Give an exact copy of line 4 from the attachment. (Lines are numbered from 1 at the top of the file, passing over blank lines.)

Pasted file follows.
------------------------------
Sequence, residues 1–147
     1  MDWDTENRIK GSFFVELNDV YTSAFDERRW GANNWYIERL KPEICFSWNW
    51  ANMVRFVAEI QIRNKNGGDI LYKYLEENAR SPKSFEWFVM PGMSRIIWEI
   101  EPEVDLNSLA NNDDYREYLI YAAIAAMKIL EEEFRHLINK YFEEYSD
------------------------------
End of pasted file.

   101  EPEVDLNSLA NNDDYREYLI YAAIAAMKIL EEEFRHLINK YFEEYSD